• Shawna Baca

Mommy Issues


May is a time to reflect and honor all the mothers out there with this American Hallmark holiday – Mother’s Day, but what if you don’t have a great relationship with your mother?


We put moms on pedestals and praise them, after all, they are the givers of life and everyone born into our world has one. Women who can bare and give life are downright miracle workers and should be praised with the highest of honors. Personally, I think being a mom is one of the hardest jobs and selfless jobs. It is not a short-term commitment, and you are constantly being judged either by your kids, your family, your friends, your spouse, teachers, and society.


I know so many people who have had loving mothers and they would cross the world for them. It is the very least thing you can do to honor all the sacrifices she has made for you but giving birth and giving life is not the same thing as being a mom. There are many people out there that don’t have good moms. What if you are one of those people watching everyone celebrate, pamper, and praise their mothers on this holiday? Some people have had great moms and they are no longer with us, so while everyone out there is celebrating, some are mourning the loss of their matriarch.


My relationship with my mother was always rocky. We have a better relationship today then we did when I was younger, but it took decades worth of work to get to this point. This has hands down been my hardest relationship I’ve ever had to deal with, where forgiveness and change had to play a factor into. Parts of my differences are based on truth and perceptions of truth.


I admit, I had mommy issues most of my life and it doesn’t mean that I don’t love my mother. She is just who she is, and I am who I am. She was a young mother who had me when she was 17 years old. She didn’t know how to be a mother or a parent and when my father died seven months later, she took it very hard. We went through a very traumatic period that affected both of our lives. And that was the moment that the family unit was broken. It wasn’t her fault, and it surely wasn’t mine – life just happened. This event opened the door for several more traumas and losses and by the time I was seventeen and she was thirty-six, the world had disappointed us in so many ways.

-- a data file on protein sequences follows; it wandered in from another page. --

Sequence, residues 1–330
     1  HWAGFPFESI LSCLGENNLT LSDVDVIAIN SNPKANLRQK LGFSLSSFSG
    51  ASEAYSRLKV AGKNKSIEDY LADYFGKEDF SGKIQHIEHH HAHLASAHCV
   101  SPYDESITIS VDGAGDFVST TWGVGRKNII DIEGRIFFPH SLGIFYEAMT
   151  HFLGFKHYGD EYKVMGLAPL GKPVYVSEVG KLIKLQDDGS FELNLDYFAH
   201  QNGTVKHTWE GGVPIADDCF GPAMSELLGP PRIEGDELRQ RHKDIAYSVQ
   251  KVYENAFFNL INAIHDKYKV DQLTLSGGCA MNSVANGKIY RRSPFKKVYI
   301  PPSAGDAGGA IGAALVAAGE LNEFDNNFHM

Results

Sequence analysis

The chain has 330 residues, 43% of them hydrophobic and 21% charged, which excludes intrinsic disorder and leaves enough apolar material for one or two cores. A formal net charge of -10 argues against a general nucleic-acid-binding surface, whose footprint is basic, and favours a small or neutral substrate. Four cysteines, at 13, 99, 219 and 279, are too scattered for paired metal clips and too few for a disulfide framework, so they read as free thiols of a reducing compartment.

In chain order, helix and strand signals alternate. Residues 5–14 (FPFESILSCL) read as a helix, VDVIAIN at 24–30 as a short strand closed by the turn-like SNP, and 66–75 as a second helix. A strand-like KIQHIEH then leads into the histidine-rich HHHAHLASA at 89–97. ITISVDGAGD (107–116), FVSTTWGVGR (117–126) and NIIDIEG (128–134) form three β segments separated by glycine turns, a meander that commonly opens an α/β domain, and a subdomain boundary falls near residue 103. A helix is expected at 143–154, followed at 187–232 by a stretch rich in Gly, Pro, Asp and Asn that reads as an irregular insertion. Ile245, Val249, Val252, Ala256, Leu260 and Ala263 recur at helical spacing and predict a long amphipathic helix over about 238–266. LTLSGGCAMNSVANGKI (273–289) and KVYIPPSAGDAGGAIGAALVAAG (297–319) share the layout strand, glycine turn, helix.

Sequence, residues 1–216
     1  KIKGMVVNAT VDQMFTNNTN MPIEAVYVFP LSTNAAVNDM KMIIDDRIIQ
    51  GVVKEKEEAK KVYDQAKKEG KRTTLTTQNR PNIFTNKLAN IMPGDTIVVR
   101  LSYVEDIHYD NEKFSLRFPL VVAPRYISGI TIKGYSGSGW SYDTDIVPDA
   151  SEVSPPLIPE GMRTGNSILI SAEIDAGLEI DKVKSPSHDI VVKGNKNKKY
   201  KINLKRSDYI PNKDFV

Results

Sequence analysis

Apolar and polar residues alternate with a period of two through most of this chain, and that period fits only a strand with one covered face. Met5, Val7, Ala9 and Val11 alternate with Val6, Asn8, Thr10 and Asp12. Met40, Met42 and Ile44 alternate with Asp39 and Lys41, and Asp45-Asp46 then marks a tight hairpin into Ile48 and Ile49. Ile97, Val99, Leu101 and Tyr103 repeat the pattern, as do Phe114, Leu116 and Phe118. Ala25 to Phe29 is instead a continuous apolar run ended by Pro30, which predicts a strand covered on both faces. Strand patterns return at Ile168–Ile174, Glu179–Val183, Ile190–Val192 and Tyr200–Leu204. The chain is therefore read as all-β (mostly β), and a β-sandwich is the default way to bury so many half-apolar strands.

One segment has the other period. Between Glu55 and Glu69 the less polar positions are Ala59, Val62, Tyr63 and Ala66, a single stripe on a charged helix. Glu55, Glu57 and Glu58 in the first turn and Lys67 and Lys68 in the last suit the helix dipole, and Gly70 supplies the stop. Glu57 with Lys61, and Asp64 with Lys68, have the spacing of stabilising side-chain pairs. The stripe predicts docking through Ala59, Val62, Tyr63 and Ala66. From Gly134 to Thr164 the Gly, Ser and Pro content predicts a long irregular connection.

Instead of this journey leading us to become closer, it drifted us further apart and because of my skin color, I had a harder time with acceptance by her and it left deep scars of no sense of self-worth and not feeling accepted. I wish we had a manual for how to deal with trauma, but we learned the hard way.


My perceptions of what a mother should be heavily lied upon this “Leave it to Beaver” mentality of how society portrayed the American family, and my life was everything but that, and I resented it. I resented not having a mom who loved to bake holiday dinners and cookies in the kitchen in her floral apron or was a PTA mom that helped raise money for children’s causes. My mother hated shopping and she wasn’t this prissy woman who was into high fashion shoes or handbags. She was a hard woman who had seen some things and dealt with things that most people shouldn’t go through. She was jaded by life and scarred by her own abandonment issues from her father and having an emotionally unavailable mother. But what happened? History repeated itself. My mother became her mother and her father leaving made me feel the same sting that she felt when my father was killed. Abandoned.